When I first downloaded Instagram “156 weeks” ago, I had no idea what it was. Facebook was over (despite having been my entire social life in college) and the world needed a new outlet. Posting synopses of weekend activities on friend’s walls had lost its appeal.
Unfortunately, I was yet to discover the meaning of “share”. Who knew this meant the world and my college tutor could see my photos, which mainly consisted of cupcakes, my dog and a wide range of couple shots. It was a month in and I was oblivious. Until a friend accused me of being “one of those“ – apparently she hadn’t clocked me for someone who documented her entire relationship online. Whoops. And I had just being enjoying the filters.
This shiny new app has since launched the careers of a multitude of aspiring models, actors, and reality stars. It has documented the everyday lives of over 400 million people across the world. We now know what Kim K, David Beckham, and Beyonce eat for breakfast, and it’s not Coco Pops. The beachside cocktail has been having a moment for the past four years. It is burnt out, over-worked, due a mini-break.
Instagram is a driving force, one that has sparked worldwide trends, including ‘Throwback Thursday’ and the ’Selfie’ – both over-used and abused by every Tom (Cruise), Dick (Gere) and (Prince) Harry. Instagram launches advertising campaigns, fashion collections, film trailers, exercise routines. We are bombarded with aspirational images 24/7. We are living 400 million lives every day. Often I am confused – was that me sipping a cocktail on a yacht in St.Barts, Harry Style draped over one arm? Oh wait no, that was Kendall Jenner. I stayed on the couch and debated leaving it, in between taking screenshots of Francois Hardy on my newsfeed. My name is Lisa, and I am an addict.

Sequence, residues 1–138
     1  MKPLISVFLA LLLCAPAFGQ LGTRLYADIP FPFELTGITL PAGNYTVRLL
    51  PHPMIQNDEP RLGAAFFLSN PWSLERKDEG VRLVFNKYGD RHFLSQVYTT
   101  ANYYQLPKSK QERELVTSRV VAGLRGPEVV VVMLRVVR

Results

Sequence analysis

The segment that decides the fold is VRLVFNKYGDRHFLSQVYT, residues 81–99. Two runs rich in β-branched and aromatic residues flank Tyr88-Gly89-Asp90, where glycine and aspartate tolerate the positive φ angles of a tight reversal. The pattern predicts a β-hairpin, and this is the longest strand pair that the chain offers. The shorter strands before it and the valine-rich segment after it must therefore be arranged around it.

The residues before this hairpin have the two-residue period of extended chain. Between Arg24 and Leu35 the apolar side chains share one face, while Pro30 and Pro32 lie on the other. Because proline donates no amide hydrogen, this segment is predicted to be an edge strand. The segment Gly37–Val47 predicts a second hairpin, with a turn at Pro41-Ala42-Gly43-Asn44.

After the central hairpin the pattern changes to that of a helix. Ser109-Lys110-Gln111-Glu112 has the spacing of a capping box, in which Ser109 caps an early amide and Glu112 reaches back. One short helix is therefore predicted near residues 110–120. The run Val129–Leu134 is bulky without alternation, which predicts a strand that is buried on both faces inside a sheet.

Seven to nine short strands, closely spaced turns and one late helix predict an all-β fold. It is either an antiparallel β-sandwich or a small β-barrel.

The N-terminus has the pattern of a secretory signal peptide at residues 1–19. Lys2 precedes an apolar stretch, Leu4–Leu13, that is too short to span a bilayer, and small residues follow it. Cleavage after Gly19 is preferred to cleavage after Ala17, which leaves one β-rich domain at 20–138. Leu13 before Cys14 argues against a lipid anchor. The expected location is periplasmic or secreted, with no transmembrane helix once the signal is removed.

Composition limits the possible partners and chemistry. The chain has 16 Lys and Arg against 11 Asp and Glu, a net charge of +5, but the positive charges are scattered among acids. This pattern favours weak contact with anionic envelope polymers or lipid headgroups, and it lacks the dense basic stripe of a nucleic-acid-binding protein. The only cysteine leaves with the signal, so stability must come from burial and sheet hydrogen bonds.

Nicola Formichetti, creative director of Diesel, recently spoke to AnOther Magazine, “Things online are becoming better than reality, everyone’s profiles look great but they’re all airbrushed. I wonder when there’ll be a backlash, when everything will have to change…” Instagram allows us control over how others view our lives – it gives us a power that is addictive. Those idiosyncrasies we wish could be controlled in person can be airbrushed – that nervous laugh, those forehead wrinkles, those ghastly roots. No wonder we love a good filter. It serves both our ego and our envy – who wouldn’t like a front-view to the lives of the rich and famous. After all, who would we aspire to be if not a Kardashian.